In some ways, Eishishok appeared to have been frozen in time for the last half-century. On the one hand, there are signs of modernization – cars in some driveways, nice, new cars, such as Audis – and television antennas on almost every house. On the other hand, none of the houses appeared to have any indoor plumbing. People went outside to pump water from a well, and to use an outhouse. The town’s inn had a public toilet that was relatively clean and modern. (Lack of indoor plumbing is the condition in almost all small towns and villages in Lithuania and Belarus, and in some older, poorer buildings in larger cities as well.)



Both times in Eishishok, we were there during a weekday, so most of the people who came out of their homes or were gathered on the street were either pensioners or unemployed. Many of the older women were in housecoats, wearing either bedroom slippers or no shoes at all, even when they came out into the street. Many were toothless, and all, without exception, wore a babushka on their heads.

Later in the afternoon, we did see a few nicely dressed, middle aged people coming home from work.

Because we had guides with us who spoke, Russian, Lithuanian and Polish, and because the Eishishok natives among us spoke Russian and Polish, there were a number of conversations between members of our group and the people living in Eishishok today.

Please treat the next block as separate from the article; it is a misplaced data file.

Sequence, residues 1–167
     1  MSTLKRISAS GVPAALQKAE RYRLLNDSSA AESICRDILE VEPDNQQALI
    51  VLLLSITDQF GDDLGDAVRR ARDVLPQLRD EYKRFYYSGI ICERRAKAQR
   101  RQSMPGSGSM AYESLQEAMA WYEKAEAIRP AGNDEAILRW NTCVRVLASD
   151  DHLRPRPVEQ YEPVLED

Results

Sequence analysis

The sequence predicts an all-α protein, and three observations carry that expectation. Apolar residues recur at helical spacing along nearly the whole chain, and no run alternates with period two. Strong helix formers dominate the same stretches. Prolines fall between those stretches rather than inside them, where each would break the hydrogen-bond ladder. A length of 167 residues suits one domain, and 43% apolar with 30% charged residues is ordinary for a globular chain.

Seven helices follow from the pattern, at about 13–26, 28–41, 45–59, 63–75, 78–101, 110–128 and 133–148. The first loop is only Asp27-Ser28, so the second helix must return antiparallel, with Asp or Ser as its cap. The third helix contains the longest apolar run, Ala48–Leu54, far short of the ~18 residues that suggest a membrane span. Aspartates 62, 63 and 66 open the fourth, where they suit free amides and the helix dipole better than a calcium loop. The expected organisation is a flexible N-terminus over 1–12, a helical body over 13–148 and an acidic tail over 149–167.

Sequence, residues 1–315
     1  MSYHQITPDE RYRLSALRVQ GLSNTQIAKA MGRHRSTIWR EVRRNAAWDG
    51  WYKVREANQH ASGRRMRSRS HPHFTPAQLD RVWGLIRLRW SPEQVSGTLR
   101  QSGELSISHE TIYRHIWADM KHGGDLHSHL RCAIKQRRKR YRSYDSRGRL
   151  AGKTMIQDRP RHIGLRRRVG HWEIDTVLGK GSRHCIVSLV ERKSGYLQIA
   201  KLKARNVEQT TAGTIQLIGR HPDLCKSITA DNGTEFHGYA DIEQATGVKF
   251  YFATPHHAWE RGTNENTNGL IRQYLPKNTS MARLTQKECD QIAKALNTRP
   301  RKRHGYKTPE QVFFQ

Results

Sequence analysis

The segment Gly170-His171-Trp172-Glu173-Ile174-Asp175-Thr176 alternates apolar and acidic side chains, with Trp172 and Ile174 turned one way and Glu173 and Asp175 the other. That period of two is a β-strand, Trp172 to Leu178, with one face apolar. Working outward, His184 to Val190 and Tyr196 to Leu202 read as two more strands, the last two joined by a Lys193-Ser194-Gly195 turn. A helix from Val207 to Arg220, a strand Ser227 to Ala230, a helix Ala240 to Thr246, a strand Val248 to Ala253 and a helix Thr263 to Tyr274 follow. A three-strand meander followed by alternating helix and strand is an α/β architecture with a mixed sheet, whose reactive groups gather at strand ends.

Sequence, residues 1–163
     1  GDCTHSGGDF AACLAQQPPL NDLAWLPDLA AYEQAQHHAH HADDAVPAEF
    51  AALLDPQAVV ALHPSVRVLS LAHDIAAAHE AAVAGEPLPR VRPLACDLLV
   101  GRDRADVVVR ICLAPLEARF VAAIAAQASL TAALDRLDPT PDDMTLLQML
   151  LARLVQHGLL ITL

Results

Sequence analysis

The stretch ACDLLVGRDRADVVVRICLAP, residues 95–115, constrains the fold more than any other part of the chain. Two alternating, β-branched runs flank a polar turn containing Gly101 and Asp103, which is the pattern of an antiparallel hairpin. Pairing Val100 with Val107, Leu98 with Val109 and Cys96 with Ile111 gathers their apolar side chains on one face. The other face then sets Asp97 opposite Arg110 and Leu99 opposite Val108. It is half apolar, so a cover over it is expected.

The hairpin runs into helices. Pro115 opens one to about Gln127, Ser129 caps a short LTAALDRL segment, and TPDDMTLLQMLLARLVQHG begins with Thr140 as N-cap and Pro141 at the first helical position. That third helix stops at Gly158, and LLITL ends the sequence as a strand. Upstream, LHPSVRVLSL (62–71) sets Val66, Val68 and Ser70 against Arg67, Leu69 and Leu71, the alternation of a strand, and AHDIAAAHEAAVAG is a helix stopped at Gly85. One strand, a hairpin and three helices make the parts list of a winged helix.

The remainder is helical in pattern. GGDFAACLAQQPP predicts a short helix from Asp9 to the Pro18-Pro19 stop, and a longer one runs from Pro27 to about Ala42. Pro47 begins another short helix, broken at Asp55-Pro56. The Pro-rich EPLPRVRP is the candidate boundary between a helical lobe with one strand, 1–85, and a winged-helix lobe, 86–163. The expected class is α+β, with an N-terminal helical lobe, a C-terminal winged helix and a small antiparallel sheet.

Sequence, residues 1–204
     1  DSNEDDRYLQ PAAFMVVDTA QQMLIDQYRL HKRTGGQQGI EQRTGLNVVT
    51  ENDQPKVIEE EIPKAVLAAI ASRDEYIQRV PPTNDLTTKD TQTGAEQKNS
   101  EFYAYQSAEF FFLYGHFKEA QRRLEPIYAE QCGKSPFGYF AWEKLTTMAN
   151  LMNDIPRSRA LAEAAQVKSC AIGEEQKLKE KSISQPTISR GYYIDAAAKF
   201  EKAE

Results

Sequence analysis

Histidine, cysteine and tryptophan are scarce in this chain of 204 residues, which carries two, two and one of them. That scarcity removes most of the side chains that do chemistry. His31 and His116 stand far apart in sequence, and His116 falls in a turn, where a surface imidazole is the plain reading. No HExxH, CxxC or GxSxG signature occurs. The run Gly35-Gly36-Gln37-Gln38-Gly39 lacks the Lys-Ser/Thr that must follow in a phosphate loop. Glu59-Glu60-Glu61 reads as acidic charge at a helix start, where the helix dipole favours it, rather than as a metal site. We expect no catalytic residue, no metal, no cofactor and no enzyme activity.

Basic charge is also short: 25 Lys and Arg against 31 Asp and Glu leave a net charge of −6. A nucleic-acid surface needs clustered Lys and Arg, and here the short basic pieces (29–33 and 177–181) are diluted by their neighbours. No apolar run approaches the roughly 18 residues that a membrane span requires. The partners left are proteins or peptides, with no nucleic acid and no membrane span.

What was their attitude toward us? Towards Jews in general, and in particular, to the Jews of Eishishok who had been murdered in 1941 by Nazis – with participation by some local residents?

Although the answer to that question reflected a spectrum of the town’s current residents, it also reflected the particular intersection of past and present history that is tragically not unique to Eishishok but for which Eishishok has become a world-wide public symbol.

After World War II ended, in 1944, a few of the Eishishok Jews who had survived the war in hiding, or fighting as partisans in the forest, returned to the town. Members of the Armia Kryowa (Polish Home Army), killed Tzipora Sonenson and her baby son – the mother and brother of Yaffa Eliach. Yaffa has written and spoken widely about this murder, which was one of hundreds throughout the area in which Poles killed Jews after the end of World War II.

Groups in Poland and in the US have tried to deny her story – and to discredit her as a historian, first by claiming the murder never happened, then, when they were forced to acknowledge it, by claiming they were not trying to kill Jews, only members of the Soviet NKVD.

It was clear that the people living today in Eishishok had read these Polish attempts to refute the reality of the murders. Even the Eishishok Mayor tried to claim the killings had been done by “Lithuanians, not Poles.” On the first day we were in Eishishok, a group of three men, probably in their 40s, followed us around the town, one of them waving a Polish language newspaper that attacked Yaffa and claimed the shooting had taken place because her father had been a member of the NKVD. At one time an old woman, who herself did not deny the story, said to the argumentative man, “ You don’t even know what you’re talking about – you weren’t even born!”